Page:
UBC Theses and Dissertations
Directionality effects of pulse-like near field ground motions on seismic response of tall buildings Archila, Manuel
Earthquake ground shaking at near-field sites has produced severe damage to buildings and infrastructure, caused large economic and human losses. These earthquakes continue to pose a great threat to many populous urban centers around the world. Over the last 4 decades, major research efforts have been devoted to characterize near-field ground motions and their effects on the response of buildings. A challenging engineering problem that remains unsolved in the seismic design of buildings is the directionality effect of near-field pulse-like ground motions on tall buildings. This dissertation presents a computationally efficient method to calculate the critical displacement response of tall buildings. In this method, the duration and amplitude of the ground velocity pulses contained in the input motion and the building’s first mode translational period are compared to determine the orientation of the Conditional Maximum Velocity (CMV), a new ground motion metric. Nonlinear response history analyses (NRHA) using the CMV ground motion provide a close estimate of the critical displacement response of a tall building along the structural axis. The CMV Method is developed on the basis of a series of parametric studies. First synthetic pulse-like excitations and simple structures were used to systematically investigate the effects of pulse duration and amplitude on the dynamic elastic and inelastic response of structures. It is found that the critical displacement response is influenced significantly by the CMV ground motion. This finding is further validated through series of NRHA of simple structures and several case study tall buildings to near-field ground motion records. It is shown that the NRHA using CMV ground motions result in approximate, but significantly accurate estimates of the critical displacement with small errors and moderate dispersion. Ground motion pairs rotated to fault-normal (FN) orientation do not always result in the critical displacement response. Neither does the maximum direction (MD) ground motion at the fundamental period of the building. Analyses made using FN or MD may result in significant underestimates of critical displacement response compared to the proposed CMV. The use of the CMV Method may lead to a better quantification of potential seismic demands on tall buildings.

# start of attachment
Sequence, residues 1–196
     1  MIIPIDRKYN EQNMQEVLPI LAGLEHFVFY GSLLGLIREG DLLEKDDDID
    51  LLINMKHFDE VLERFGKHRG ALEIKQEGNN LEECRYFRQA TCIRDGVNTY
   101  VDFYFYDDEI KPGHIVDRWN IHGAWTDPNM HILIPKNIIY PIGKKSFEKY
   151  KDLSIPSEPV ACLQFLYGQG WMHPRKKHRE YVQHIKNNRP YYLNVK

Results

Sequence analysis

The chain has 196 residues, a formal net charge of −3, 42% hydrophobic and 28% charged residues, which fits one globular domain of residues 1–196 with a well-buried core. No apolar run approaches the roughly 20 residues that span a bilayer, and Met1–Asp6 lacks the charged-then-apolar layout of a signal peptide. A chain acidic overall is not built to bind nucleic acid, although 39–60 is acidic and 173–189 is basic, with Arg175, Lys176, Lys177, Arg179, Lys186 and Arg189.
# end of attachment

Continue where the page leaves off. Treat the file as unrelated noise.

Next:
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Attribution-NonCommercial-NoDerivs 2.5 Canada